We left the beach and headed toward Miramar, Costa Rica, to see and explore more of the country. We zip-lined over 11 waterfalls and then traveled to San Jose. Part of the group flew out the next morning, while a few of us stayed back and checked out the city.
Then, Heather and I took off on our own to explore more and headed north to the Poas Mountains area. We stayed in an awesome AirBnb, ate fresh, ripe strawberries from the local farmers and went on a coffee tour at a local plantation before seeing La Paz waterfall. Delicious, educational, and beautiful.
Though the Poas Volcano itself was a miss because heavy clouds blocked the view of the crater, we enjoyed the scenery and drove on to La Fortuna. There we took in four hours of hot springs time at Eco Terminales. By hot I actually mean warm and very different from the hot springs found in Colorado. We saw toucans and leaf-cutter ants while basking in the beauty of the warm, man-made waterfalls. Then we drove to our hostel that night, an eco-farm, Essence Arenal, with a chef on board that wanted everyone to help make their own food so that he could spread the knowledge of preparing and eating good, fresh, vegetarian food. We had vegetable lasagna and made our own “tortas” with a cookie bowl and fruit. The next morning we took the hike to see the farm and wound up doing a yoga class on our own while overlooking Arenal Volcano and the lake beside it.
After a couple hours exploring the shops in La Fortuna, we had to buy our bus tickets to Nicaragua. They would not allow a same-day purchase, which lead to a two-hour round-trip drive to buy tickets at a Ticabus office in Quesada before finding ourselves at our last Costa Rican destination of Finca Luna Nueva, a large eco-farm of 250 acres that was originally a ginger and turmeric farm. The pool, Jacuzzi, food, and friends we found there were unequalled. What a treat to be able to meet with Craig and Clare from Farmington, NM, and catch up on life. After chatting into the wee hours of the night (umm….9:30p), we slept and then awoke for a morning yoga session in the jungle.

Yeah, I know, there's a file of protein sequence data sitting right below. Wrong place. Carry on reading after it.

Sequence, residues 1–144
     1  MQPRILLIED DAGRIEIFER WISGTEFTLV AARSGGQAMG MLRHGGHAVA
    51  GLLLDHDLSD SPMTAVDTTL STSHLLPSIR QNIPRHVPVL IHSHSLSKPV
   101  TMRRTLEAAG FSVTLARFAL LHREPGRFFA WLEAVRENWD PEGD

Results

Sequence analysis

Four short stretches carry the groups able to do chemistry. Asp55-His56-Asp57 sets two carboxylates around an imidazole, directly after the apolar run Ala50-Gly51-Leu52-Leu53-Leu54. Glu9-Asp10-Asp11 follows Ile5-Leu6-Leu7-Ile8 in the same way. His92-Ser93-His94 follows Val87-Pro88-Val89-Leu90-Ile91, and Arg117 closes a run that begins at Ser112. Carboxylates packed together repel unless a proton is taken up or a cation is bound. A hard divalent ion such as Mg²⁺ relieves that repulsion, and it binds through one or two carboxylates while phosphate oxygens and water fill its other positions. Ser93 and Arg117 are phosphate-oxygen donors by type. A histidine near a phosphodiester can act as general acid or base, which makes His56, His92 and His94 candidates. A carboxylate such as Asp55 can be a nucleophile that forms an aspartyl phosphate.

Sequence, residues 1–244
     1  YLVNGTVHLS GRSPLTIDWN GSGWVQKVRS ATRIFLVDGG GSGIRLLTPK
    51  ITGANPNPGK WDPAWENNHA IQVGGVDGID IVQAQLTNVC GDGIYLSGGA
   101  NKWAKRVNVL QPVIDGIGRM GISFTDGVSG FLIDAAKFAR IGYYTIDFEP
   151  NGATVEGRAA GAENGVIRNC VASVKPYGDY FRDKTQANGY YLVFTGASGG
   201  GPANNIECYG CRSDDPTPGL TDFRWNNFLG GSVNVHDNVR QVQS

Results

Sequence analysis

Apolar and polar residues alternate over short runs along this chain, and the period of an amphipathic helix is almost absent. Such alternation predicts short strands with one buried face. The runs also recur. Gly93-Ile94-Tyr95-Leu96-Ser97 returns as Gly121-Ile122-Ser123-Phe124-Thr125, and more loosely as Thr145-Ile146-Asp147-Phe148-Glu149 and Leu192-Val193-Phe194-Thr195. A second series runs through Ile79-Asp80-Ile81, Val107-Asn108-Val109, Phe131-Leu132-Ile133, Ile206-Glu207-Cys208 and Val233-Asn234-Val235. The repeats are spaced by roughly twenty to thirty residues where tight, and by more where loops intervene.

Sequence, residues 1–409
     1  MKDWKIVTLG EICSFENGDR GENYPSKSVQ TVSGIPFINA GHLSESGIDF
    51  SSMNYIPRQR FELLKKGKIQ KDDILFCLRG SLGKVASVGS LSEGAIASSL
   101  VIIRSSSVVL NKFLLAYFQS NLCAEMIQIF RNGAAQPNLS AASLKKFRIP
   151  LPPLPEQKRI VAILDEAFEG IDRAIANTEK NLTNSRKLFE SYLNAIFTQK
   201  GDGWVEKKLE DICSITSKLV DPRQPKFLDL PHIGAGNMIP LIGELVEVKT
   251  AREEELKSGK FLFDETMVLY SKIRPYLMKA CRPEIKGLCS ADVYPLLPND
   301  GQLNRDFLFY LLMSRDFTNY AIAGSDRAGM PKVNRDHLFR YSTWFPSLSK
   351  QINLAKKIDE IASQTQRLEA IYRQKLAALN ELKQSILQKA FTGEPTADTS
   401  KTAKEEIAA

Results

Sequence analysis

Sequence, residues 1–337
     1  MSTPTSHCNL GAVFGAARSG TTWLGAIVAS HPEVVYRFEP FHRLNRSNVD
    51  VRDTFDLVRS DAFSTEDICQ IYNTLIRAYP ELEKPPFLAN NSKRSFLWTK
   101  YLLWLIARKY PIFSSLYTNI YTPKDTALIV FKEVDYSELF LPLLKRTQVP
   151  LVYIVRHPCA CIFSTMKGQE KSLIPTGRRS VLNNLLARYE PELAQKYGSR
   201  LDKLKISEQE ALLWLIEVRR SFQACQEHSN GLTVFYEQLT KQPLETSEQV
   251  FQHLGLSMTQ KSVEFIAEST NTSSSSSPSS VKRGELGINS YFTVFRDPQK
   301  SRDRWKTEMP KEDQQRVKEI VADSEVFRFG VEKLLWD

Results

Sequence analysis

We had breakfast with Craig and Clare, said our goodbyes, and drove away from the tranquility of the farm toward the big city to catch our bus. The drive was a solid three-hour adventure, and in the last minutes before our bus departed, Heather ran to get some emergency food for our seven-hour bus ride. We ended up with corn flakes – what she could find in five minutes with only two dollars, our strawberries from Poas, a few crackers and oreos from other parts of the trip, and a bag of peanuts. After our seven-hour saga with the corn flakes, corny movies in Spanish, and all the early 90’s love ballads we could handle, we finally arrived to Granada.
Heather is staying in Granada while doing a Spanish immersion school and staying with a host family. I was able to stay there, too, and experience a bit of her life in Nicaragua. I met her host family, volunteered with her where she both goes to school and volunteers, saw where she teaches yoga sometimes at Pure, went to a hot (think both meanings of the word) Zumba class, and ate at a few of her favorite spots. We also meandered to a few new Granada offerings. We swam, floated, and kayaked in a crater lake (Laguna), we had a spa treatment (mani, pedi, and facial for $23!), made our own chocolate, checked out the local markets, and made dinner for her host family. They kept saying how it was nice to have something different than gallo pinto (rice and beans). We ended our adventure with wine and lunch from a little European café, and then I took a taxi back to the Managua airport.
As I blog, I’m still awaiting the arrival of my luggage. I hope it comes. It’s filled with chocolate and coffee from all our adventures. I’m so thankful for this trip and these times. Choa!